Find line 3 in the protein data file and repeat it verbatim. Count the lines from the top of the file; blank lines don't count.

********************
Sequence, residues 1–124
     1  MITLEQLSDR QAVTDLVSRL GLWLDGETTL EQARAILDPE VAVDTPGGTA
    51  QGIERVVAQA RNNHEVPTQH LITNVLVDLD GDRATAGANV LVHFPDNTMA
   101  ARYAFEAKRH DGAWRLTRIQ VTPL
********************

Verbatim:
    51  QGIERVVAQA RNNHEVPTQH LITNVLVDLD GDRATAGANV LVHFPDNTMA